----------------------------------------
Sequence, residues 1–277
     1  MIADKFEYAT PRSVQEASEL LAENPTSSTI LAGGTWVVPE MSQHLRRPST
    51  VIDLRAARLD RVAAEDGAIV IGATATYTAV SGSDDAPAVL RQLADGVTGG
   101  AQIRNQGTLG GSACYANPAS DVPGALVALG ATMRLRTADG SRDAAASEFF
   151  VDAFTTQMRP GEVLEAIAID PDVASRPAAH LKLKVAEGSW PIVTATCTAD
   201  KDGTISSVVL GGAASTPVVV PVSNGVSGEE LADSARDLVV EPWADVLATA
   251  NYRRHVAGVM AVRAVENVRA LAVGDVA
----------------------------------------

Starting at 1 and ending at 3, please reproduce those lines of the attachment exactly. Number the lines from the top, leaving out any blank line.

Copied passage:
Sequence, residues 1–277
     1  MIADKFEYAT PRSVQEASEL LAENPTSSTI LAGGTWVVPE MSQHLRRPST
    51  VIDLRAARLD RVAAEDGAIV IGATATYTAV SGSDDAPAVL RQLADGVTGG